ATLANTA — THE PARTY started weeks ago. In Louisiana, this was all a foregone conclusion. A national championship game is to be played, in New Orleans of all places, and so of course LSU would be there. This was destiny.
The Tigers players knew it, too. They spent the past two weeks watching film of an undersized, undermanned, overmatched Oklahoma, and they knew how this would end.
“It’s conversations we had all week,” tailback Clyde Edwards-Helaire said. “We knew we’d put up 40 or 50.”
Turns out, that was just the start.
By the third quarter Saturday, a sizable portion of the party had already spilled out onto the streets of Atlanta. There was no drama to be found inside Mercedes-Benz Stadium, where Joe Burrow and LSU’s electric offense utterly embarrassed Oklahoma during a first-half onslaught, and rounded out a 63-28 win in the College Football Playoff semifinal at the Chick-fil-A Peach Bowl. It all came so easily.
What remained of the LSU crowd at the end, a few thousand revelers in masks and makeup, stood and chanted, a call and response. Joe. Burrow. Joe. Burrow.
A sheet, spray painted in purple and gold, hung in the far end zone, a rudimentary drawing of the state of Louisiana, captioned: “N’awlins, we’re coming.”
A Louisiana party is always a movable feast, and for the second time in a month, scores of LSU faithful invaded Atlanta, overwhelming the streets and hotels and bars and restaurants with chants of “Geaux Tigers.” But this was a warm-up act for the great homecoming.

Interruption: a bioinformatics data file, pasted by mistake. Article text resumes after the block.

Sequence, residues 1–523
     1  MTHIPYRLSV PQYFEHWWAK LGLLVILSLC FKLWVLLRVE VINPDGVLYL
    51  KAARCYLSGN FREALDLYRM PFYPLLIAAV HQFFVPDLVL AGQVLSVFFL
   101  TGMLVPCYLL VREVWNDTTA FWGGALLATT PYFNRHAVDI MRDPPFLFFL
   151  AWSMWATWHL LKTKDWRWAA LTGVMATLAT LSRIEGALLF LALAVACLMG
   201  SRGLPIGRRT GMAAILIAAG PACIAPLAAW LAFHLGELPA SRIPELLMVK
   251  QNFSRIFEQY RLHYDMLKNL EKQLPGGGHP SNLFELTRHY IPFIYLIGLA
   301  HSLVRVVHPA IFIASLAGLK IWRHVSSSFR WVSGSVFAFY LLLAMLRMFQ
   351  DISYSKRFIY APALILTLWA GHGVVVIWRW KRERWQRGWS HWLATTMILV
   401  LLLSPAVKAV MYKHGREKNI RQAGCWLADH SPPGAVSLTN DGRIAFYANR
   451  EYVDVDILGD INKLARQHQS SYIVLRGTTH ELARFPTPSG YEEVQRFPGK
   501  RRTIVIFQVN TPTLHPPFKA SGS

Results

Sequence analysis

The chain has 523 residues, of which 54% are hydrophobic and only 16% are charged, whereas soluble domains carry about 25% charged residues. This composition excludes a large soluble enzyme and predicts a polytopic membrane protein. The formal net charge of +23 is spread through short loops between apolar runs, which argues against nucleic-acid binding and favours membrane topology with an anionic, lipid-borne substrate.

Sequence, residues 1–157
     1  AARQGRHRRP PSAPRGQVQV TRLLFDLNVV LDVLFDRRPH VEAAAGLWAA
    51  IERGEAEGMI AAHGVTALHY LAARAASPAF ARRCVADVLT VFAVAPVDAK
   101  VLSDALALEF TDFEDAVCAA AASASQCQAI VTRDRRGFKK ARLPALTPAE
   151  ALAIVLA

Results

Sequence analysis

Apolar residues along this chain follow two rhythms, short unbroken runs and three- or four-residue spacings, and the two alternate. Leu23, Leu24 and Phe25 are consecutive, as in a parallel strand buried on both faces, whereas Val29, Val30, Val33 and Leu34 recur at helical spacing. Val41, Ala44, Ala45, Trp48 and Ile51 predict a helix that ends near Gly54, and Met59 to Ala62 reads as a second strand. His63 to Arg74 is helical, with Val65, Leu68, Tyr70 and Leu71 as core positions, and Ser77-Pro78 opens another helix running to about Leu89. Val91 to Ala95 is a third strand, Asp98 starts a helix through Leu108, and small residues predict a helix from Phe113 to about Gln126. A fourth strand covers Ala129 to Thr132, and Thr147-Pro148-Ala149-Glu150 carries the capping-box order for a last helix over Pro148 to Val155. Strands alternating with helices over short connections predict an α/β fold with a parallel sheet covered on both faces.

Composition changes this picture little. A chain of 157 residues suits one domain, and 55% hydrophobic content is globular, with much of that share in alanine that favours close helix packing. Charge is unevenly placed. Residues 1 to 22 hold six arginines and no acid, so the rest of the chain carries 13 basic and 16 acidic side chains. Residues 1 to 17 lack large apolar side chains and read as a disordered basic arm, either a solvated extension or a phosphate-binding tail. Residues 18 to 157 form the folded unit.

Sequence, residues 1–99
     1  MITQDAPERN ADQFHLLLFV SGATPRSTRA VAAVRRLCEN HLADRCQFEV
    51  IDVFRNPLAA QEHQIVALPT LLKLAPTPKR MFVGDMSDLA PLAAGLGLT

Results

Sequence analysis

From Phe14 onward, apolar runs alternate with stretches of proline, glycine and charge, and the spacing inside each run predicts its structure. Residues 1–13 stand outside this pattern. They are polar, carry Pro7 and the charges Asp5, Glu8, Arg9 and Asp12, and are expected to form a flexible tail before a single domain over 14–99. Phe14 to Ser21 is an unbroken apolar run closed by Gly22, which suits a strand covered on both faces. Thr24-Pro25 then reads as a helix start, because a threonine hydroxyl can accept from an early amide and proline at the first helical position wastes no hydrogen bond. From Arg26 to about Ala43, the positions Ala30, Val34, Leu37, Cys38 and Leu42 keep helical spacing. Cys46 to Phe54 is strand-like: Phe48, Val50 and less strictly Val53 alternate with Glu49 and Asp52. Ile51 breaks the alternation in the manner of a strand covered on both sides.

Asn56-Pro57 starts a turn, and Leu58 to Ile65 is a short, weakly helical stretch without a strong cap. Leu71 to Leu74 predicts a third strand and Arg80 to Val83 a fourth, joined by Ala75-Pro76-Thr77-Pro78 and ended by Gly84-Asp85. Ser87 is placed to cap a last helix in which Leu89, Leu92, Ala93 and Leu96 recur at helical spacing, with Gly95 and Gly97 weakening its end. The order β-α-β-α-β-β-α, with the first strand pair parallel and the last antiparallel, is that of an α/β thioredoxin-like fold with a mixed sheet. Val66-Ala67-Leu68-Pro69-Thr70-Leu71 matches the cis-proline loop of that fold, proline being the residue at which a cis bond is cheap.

On Saturday, that date with destiny was officially accepted in as emphatic a statement as any team has delivered this season, and now, the Tigers are headed home for one final showstopper.
“The state of Louisiana is going to be on fire,” said head coach Ed Orgeron, a Louisiana native whose raspy Creole-tinged voice has become the soundtrack to a dream season.
Funny thing is, a year ago, this was little more than a collection of misfits. Burrow, the cast-off from Ohio State. Orgeron, the coach no one else wanted. LSU, the seemingly typecast second-fiddle to big, bad Alabama.
And now here they are, poised for a national title, headed back to New Orleans.
A FEW DAYS before he accepted the Heisman Trophy, Burrow was contemplating this strange journey from Ohio to the bayou, from cast-off QB to the best player in the country.
Could he have ever seen this coming?
“I really did,” Burrow said. “I knew the work I put in. I knew the kind of team we could be.”
Joe Burrow explains that it’s going to be a lot of fun playing in New Orleans for the CFP National Championship.
Even in a place like Louisiana, where swagger is a birthright, Burrow brings a little something more. It’s part chip-on-the-shoulder, part confidence that comes with immense talent, but also it’s partly an ability to see the dream so clearly that he can simply will it into being.
Burrow’s teammates at LSU have gotten used to that. They’re sold now, too. There’s nothing their QB can’t do, so why doubt even the boldest prognostications?
Friday night, Burrow found lineman Saahdiq Charles in the team hotel and offered a prediction for the game.
“I’ve got seven for you,” Burrow said.
Charles grinned. Seven TDs in a game sounded about right.
“I didn’t know he meant seven in the first half,” Charles said.
But that’s what Burrow delivered Saturday in an absolute dismantling of Oklahoma’s defense. Burrow threw touchdown passes on seven of LSU’s first nine drives, finishing the first half with more than 400 yards passing, etching his name into postseason history.